Diamond Geology and Exploration

Increased Recovery of Diamonds from Eclogite by Electrical Pulse Disaggregation

Soapbox Wednesday, November 21, 2018 - 13:42 to 13:48 Theatre 3


H. Ali (Presenting)
Canadian Centre for Isotopic Microanalysis, University of Alberta

M.E. Regier
Canadian Centre for Isotopic Microanalysis, University of Alberta

D.G. Pearson
Canadian Centre for Isotopic Microanalysis, University of Alberta

It is well known that mechanical disaggregation, such as jaw crushing, can cause irreversible damage to valuable gemstones hosted in crystalline rocks. The SELFRAG Lab device uses electrical pulses at high voltages - typically between 150 and 200 kV - to separate material into individual grains along natural boundaries. The purpose of this research is to assess the viability of the SELFRAG as a tool to disaggregate diamond-bearing eclogites, and to assess if this method preserves grains that would otherwise be damaged through mechanical disaggregation.

In order to test the applicability of the SELFRAG to diamond recovery from mechanically strong diamond-bearing lithologies, we studied its effects on a diamondiferous eclogite, RV09, from Roberts Victor mine. The Roberts Victor mine is located in South Africa and is renowned for its unusually high abundance of mantle-derived eclogite xenoliths (MacGregor and Carter, 1970). Before the eclogite was disaggregated, we bisected the sample and used a CT scan to determine its constituent minerals and the spatial distribution of diamond. One half of the sample was then placed into the SELFRAG, where it was subjected to ~100 shots of 200 kV electrical discharges that segregated the sample into individual grains of similar sizes. The other half was jaw crushed, using a steel jaw crusher which produced non-uniform composite grains and abundant fine material. The varying sizes and aggregate pieces made it difficult to pick diamonds, and after no diamonds were found, the jaw-crushed portion underwent further disaggregation in the SELFRAG.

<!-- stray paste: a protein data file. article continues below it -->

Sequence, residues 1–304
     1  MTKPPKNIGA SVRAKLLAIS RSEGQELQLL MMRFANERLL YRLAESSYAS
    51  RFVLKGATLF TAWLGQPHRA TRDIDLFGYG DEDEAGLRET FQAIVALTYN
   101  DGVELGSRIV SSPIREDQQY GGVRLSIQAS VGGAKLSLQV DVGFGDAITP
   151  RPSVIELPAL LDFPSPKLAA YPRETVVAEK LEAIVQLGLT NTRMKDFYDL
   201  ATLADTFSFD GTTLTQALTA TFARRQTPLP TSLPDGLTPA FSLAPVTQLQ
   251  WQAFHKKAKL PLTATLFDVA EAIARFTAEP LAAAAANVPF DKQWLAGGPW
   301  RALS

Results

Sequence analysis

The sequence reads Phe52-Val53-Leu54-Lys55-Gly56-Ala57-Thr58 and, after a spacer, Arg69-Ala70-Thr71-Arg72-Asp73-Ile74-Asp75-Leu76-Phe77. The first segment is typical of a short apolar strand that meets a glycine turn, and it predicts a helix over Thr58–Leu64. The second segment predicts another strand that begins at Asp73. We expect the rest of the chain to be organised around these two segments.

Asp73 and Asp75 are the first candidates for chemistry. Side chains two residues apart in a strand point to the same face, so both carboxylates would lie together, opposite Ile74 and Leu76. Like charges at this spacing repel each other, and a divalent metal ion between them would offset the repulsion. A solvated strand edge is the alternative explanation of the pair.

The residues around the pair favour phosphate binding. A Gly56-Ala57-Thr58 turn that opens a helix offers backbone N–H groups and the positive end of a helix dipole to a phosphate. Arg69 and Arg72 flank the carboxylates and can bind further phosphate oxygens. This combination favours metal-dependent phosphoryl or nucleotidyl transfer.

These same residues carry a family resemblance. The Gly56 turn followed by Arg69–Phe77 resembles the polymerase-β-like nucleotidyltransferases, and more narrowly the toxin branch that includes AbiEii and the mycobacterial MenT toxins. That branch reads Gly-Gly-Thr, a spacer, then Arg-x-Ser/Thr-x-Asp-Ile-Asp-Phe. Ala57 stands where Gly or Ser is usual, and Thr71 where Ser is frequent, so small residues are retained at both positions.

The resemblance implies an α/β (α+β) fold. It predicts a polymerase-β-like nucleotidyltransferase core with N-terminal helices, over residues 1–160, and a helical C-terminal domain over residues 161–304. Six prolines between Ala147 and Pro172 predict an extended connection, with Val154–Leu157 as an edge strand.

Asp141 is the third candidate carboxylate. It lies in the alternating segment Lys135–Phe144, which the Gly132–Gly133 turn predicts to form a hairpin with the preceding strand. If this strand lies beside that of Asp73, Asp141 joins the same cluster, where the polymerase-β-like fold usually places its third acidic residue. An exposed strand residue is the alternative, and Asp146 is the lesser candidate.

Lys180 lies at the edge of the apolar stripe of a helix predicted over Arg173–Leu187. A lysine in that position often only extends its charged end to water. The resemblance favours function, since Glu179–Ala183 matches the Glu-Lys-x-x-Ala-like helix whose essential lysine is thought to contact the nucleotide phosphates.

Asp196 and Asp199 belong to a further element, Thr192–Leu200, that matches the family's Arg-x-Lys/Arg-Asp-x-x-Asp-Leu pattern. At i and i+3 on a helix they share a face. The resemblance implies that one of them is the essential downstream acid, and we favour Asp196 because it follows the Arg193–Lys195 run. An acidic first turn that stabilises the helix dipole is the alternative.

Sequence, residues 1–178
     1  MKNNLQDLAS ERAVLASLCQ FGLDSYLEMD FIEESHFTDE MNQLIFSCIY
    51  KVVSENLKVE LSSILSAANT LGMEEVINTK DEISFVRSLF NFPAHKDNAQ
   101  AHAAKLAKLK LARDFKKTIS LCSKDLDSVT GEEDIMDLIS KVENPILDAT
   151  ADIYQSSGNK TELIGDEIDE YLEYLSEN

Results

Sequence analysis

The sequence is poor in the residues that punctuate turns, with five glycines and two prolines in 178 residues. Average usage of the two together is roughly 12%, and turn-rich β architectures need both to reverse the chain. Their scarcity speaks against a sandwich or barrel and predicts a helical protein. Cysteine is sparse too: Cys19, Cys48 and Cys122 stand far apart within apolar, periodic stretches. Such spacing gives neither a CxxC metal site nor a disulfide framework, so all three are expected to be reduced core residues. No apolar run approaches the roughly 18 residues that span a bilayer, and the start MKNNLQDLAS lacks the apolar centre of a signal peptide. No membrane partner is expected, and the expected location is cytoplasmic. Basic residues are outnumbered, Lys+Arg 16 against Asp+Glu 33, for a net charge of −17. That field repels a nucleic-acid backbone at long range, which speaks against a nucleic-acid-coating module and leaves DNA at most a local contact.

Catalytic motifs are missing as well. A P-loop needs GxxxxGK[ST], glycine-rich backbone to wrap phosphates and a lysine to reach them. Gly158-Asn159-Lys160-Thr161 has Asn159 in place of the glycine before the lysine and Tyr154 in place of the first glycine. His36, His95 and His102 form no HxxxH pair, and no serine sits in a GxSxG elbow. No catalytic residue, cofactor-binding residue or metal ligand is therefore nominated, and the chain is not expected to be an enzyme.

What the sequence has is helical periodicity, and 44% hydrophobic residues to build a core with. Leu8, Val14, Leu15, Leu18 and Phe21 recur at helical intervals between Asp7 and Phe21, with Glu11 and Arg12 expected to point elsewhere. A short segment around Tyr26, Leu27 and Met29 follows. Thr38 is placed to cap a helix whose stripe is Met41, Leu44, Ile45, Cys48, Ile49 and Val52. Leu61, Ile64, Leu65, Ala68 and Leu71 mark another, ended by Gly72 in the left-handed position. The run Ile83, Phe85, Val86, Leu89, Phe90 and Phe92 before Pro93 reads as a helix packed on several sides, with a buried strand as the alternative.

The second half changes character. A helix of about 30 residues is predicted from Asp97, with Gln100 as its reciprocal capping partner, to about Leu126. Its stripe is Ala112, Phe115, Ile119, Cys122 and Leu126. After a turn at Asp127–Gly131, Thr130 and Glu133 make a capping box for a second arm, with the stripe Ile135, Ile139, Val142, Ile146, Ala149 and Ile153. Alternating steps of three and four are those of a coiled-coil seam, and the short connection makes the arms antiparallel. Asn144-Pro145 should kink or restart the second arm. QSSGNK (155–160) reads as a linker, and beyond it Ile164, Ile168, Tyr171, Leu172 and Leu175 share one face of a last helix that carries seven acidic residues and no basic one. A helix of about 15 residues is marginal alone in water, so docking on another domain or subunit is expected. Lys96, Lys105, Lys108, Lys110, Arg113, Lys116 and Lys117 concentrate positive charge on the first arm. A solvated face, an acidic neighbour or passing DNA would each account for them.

After exerting the same time and effort picking through both portions of the RV09 sample, ten diamonds were recovered from the electronically disaggregated portion, while no diamonds were found in the conventionally disaggregated sample. The diamonds released from the SELFRAG were then imaged with a scanning electron microscope (SEM) to determine the extent to which the diamonds were damaged. Most of the released diamonds showed no evidence of breakage, but a few showed signs of damage that may have occurred prior to kimberlite eruption.

The dramatic disparity between the number of diamonds recovered with the SELFRAG and the lack of diamonds in the jaw crushed portion indicates that electrical disaggregation is a superior method compared to the conventional mechanical comminution technique. There are little to no signs of breakage in the SELFRAG-liberated diamonds, whereas, the damage caused by jaw crushing was extensive enough to produce small fragments not readily visible via optical microscopy. The SELFRAG is a promising alternative to conventional disaggregation and offers a practical solution for lessening damage to valuable stones in rocks such as eclogites and kimberlites.

MacGregor, I.D., Carter, J.L. (1970) Physics of the Earth and Planetary Interiors 3, 391–397.